Located at 31-33 Chauncey Street, St Paul's Anglican Church dates from 1871 and Romsey House was built the same year as the Romsey Hotel. The church's Memorial Gates were erected by the family of Charles F.D. Thomson who died, aged 22, in New Guinea on 21 February, 1943 during World War II. For more information check out http://www.lancefieldromseyanglican.org/history.

Romsey Mechanics Institute
Located at 122 Main Street and built in 1884. The very detailed and informative Romsey Mechanics Institute website explains the history of this particularly impressive building: "In 1875 the foundation stone for the 1st Romsey Mechanics Institute was laid and a wooden building was erected at a cost of two hundred pounds. This building comprised a hall with a large stage, capable of seating 250 people, and two other rooms, one of which was a Library for the education and enjoyment of the local community. In 1884 work began on a new, more spacious hall in front of the above building at a cost of one-thousand, two hundred pounds. Local landowner and baronet, Sir William Clarke laid the foundation stone on 29th May 1884.
"The hall quickly became the social hub of Romsey, with most entertainments held there. As well as providing the library service the Institute’s rooms were used for numerous meetings by local groups. Over the following years the main hall of the Institute conducted a wide variety of events as diverse as theatre and weekly balls to roller-skating and boxing.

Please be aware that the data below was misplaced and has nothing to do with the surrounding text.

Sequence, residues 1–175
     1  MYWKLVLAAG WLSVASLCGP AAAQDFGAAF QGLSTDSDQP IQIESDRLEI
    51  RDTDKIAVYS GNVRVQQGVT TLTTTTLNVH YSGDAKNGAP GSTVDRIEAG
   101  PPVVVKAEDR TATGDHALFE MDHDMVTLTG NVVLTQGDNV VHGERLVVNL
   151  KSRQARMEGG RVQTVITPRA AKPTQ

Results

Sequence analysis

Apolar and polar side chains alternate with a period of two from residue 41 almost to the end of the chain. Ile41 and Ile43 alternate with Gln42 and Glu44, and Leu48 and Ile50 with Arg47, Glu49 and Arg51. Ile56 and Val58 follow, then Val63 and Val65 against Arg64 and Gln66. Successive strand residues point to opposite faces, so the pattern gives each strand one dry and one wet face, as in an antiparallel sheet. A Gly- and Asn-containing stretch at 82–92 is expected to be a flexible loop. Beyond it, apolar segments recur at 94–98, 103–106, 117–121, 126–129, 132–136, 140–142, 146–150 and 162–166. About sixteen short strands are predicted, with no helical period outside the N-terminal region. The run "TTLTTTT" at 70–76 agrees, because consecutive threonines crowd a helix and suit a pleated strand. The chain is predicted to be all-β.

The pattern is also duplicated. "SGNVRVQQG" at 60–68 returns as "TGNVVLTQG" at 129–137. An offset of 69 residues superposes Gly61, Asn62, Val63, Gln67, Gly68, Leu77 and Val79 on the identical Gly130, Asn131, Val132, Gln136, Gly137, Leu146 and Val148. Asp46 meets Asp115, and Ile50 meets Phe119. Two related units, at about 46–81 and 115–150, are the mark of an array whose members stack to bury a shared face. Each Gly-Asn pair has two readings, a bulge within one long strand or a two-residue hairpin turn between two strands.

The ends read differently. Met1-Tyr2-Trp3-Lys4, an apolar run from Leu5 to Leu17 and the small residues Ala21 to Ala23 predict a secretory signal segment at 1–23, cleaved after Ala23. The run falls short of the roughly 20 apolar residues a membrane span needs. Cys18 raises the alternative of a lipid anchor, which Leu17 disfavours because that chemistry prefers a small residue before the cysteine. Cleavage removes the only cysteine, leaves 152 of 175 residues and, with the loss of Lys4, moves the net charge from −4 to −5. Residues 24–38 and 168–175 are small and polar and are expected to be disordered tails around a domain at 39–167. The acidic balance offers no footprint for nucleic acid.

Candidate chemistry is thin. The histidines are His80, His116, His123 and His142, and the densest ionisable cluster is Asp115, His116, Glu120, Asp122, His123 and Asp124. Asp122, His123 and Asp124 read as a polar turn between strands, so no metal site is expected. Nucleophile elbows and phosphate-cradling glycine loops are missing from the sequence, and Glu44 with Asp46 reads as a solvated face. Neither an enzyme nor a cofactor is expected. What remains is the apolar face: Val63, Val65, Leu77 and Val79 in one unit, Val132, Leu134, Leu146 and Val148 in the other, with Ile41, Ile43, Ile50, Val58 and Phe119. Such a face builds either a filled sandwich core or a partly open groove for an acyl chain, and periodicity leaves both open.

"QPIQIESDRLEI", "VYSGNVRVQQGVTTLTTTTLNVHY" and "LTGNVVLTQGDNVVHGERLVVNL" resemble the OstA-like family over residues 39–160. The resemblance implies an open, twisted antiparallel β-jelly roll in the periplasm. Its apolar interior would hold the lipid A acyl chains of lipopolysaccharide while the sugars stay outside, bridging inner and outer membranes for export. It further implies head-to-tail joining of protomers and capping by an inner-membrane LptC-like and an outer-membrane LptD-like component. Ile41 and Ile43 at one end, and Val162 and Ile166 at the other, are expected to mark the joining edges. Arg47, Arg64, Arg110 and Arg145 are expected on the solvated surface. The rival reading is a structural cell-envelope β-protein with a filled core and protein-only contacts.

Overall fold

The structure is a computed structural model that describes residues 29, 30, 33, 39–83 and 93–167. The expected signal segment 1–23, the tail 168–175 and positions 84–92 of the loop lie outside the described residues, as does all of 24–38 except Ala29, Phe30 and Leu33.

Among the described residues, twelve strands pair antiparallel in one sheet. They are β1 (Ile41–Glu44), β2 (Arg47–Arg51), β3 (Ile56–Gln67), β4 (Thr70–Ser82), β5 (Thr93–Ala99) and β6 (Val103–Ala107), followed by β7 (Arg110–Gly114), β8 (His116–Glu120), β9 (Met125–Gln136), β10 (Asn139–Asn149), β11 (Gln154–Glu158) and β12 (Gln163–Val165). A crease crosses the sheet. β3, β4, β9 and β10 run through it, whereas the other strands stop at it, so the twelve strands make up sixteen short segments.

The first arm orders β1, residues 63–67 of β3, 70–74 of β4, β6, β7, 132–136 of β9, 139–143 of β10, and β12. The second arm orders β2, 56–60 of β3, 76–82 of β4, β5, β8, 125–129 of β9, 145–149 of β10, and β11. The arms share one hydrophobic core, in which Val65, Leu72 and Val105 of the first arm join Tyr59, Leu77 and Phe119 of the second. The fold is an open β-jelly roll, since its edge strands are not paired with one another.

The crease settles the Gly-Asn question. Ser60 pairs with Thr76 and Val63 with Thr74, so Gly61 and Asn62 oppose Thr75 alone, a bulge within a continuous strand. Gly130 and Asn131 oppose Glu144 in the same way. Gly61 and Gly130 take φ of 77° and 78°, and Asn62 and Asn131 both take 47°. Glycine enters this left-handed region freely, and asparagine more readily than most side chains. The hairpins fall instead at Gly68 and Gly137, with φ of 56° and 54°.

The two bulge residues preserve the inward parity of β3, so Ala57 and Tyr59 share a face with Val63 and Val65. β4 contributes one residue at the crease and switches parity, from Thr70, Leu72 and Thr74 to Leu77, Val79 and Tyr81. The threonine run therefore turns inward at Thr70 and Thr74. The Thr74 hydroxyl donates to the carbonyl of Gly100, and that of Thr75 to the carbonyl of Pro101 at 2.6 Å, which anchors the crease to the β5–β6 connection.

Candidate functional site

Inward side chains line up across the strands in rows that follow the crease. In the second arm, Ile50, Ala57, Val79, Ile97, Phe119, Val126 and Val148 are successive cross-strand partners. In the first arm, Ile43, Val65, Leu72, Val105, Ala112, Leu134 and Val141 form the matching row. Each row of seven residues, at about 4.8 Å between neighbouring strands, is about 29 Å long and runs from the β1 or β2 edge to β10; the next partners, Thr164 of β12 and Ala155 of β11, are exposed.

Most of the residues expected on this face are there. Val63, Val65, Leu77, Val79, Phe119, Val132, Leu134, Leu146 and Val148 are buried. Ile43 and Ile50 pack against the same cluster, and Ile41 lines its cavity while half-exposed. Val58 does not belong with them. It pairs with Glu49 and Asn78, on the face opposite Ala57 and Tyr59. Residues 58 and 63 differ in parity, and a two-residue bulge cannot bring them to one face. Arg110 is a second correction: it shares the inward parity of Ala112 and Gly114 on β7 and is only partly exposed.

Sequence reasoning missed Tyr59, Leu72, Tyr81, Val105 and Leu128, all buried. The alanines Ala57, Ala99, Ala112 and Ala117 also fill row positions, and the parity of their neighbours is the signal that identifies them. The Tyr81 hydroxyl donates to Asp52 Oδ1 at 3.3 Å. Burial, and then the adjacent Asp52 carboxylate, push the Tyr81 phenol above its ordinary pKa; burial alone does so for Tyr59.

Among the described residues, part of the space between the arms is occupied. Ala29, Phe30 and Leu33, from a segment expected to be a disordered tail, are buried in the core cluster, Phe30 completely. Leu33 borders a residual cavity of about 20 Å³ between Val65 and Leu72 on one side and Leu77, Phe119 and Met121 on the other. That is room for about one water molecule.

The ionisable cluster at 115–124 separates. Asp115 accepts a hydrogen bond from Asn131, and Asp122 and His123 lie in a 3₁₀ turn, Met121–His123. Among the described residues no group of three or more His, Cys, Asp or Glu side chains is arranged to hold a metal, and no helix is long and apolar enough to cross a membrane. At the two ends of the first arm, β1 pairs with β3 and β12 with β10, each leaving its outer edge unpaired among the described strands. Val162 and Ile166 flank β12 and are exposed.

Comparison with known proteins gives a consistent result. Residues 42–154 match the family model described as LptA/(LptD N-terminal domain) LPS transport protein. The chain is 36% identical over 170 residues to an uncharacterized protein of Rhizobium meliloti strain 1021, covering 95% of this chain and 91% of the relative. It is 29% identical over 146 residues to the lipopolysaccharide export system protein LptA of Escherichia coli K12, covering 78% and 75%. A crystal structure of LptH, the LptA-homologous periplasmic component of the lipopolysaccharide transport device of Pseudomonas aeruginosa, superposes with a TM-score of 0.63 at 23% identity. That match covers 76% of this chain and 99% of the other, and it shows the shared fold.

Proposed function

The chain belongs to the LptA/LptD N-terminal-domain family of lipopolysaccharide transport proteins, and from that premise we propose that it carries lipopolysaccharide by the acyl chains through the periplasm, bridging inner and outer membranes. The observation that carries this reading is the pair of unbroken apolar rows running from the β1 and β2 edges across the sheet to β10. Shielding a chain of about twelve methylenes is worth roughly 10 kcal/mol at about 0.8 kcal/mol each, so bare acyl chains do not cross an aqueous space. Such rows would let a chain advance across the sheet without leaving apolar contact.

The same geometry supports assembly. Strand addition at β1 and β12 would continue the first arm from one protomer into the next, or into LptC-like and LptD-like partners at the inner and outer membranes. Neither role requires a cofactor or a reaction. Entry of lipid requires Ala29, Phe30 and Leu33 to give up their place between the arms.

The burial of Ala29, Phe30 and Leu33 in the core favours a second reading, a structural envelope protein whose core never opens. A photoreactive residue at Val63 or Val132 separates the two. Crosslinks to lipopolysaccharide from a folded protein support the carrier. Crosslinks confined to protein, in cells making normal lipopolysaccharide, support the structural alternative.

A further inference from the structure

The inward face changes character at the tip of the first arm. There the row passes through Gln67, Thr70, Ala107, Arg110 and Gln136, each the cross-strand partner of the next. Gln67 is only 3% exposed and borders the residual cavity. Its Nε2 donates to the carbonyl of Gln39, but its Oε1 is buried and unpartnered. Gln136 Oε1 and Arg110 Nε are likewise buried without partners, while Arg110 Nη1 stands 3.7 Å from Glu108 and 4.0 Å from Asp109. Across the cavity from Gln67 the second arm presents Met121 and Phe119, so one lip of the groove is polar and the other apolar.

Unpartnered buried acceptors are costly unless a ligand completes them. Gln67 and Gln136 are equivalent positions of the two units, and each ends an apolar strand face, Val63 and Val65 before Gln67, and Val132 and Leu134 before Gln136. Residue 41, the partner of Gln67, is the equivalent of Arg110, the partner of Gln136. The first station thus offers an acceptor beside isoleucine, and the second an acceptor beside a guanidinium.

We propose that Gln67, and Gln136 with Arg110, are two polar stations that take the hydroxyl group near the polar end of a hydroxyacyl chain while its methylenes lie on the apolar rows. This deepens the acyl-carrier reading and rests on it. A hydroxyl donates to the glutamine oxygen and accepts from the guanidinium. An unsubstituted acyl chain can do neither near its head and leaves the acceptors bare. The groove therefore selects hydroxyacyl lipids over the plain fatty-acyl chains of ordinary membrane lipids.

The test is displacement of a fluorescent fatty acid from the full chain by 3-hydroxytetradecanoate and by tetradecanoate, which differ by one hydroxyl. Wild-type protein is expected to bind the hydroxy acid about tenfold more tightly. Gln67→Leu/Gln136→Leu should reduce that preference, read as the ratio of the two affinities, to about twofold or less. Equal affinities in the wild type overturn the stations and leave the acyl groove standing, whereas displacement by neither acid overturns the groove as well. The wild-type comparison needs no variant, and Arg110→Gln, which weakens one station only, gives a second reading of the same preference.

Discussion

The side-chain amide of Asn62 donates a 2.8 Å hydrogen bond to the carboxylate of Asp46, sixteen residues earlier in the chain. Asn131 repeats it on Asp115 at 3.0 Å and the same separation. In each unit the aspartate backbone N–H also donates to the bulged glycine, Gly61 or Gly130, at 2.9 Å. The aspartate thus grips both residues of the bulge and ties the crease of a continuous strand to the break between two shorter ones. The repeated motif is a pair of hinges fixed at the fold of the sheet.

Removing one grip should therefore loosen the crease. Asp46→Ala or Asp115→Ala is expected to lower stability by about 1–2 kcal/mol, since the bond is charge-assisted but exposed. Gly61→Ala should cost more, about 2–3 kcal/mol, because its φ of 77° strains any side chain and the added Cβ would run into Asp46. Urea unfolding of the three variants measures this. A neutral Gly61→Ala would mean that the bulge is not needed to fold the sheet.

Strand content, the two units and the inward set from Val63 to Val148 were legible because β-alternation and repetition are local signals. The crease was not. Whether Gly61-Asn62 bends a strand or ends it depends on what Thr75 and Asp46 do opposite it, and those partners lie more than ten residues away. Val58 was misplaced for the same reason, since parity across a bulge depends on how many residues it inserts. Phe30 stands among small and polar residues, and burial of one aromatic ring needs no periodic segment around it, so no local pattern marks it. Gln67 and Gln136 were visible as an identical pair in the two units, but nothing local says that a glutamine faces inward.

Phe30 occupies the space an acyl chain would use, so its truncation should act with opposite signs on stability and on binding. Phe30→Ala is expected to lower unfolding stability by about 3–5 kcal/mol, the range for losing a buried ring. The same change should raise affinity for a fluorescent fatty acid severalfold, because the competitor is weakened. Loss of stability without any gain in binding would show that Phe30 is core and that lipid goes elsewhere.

"On the 6th of July, 1904 a fire caused serious damage to the wooden structures of the building and much of the Institute was re-built and enlarged to its present size. Once again the Institute became the social focal point of the greater Romsey area with the usual dances, balls, theatre and the new craze “the picture show man”. Later the northern upstairs room was divided to provide a projection room and moving pictures became a regular weekly occurrence (even today you can see running sheets of some of the 1930s and 1940s talkies pencilled on the walls in the projection room)." Check out http://www.romseymechanicsinstitute.com/ for more detailed information.

Walking Around Romsey
There are two pleasant walks around Romsey which are designed for healthy exercise. One is 2.5 km and takes around 30 minutes and the other is 4.4 km and takes around an hour. The maps can be downloaded at http://www.mrsc.vic.gov.au/See-Do/Swimming-Sport-Fitness/Sport-Fitness/Walking-Running-Cycling/Walking-Routes-Maps.


Other Attractions in the Area

Romsey to Lancefield Cycle Track
The Romsey to Lancefield Cycle Track starts at the Lions Park Reserve in Romsey, covers a total distance of 15.9 km, has an elevation of 151 metres and takes about an hour. The brochure, with map, which can be downloaded and printed at https://www.visitmacedonranges.com/wp-content/uploads/2016/03/Romsey-to-Lancefield-Return.pdf describes the route as "Running parallel to Melbourne - Lancefield Rd on the Federation Trail, this ride mostly travels along a dedicated shared path for cyclists and pedestrians. As you leave Romsey’s main street, the trail becomes a well formed granitic sand surface and the surroundings transform from classic Australian architecture to expanses of rolling farmland. Enjoy a meal in Lancefield or treat yourself post ride with lunch at one of Romsey’s cafés or restaurants."